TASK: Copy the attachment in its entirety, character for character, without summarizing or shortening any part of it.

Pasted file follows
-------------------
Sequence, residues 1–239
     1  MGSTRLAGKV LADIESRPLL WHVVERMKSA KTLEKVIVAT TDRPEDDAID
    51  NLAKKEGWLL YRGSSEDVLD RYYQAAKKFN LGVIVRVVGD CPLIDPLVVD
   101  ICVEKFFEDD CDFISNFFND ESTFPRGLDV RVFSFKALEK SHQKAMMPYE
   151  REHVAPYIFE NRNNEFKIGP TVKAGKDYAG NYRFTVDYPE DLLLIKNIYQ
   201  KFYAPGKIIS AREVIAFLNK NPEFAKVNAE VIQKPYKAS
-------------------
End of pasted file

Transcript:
Sequence, residues 1–239
     1  MGSTRLAGKV LADIESRPLL WHVVERMKSA KTLEKVIVAT TDRPEDDAID
    51  NLAKKEGWLL YRGSSEDVLD RYYQAAKKFN LGVIVRVVGD CPLIDPLVVD
   101  ICVEKFFEDD CDFISNFFND ESTFPRGLDV RVFSFKALEK SHQKAMMPYE
   151  REHVAPYIFE NRNNEFKIGP TVKAGKDYAG NYRFTVDYPE DLLLIKNIYQ
   201  KFYAPGKIIS AREVIAFLNK NPEFAKVNAE VIQKPYKAS